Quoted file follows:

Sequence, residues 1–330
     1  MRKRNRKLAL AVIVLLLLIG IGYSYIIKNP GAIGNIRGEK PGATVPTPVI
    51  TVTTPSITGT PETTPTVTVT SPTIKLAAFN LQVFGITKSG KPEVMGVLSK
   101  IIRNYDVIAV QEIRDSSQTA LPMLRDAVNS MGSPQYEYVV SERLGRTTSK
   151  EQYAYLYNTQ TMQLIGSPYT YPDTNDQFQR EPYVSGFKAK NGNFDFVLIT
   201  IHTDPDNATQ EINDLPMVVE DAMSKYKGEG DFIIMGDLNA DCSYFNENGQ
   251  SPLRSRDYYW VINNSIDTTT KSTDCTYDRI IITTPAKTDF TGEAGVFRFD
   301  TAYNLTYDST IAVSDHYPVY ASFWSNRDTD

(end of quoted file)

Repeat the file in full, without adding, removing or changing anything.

Sequence, residues 1–330
     1  MRKRNRKLAL AVIVLLLLIG IGYSYIIKNP GAIGNIRGEK PGATVPTPVI
    51  TVTTPSITGT PETTPTVTVT SPTIKLAAFN LQVFGITKSG KPEVMGVLSK
   101  IIRNYDVIAV QEIRDSSQTA LPMLRDAVNS MGSPQYEYVV SERLGRTTSK
   151  EQYAYLYNTQ TMQLIGSPYT YPDTNDQFQR EPYVSGFKAK NGNFDFVLIT
   201  IHTDPDNATQ EINDLPMVVE DAMSKYKGEG DFIIMGDLNA DCSYFNENGQ
   251  SPLRSRDYYW VINNSIDTTT KSTDCTYDRI IITTPAKTDF TGEAGVFRFD
   301  TAYNLTYDST IAVSDHYPVY ASFWSNRDTD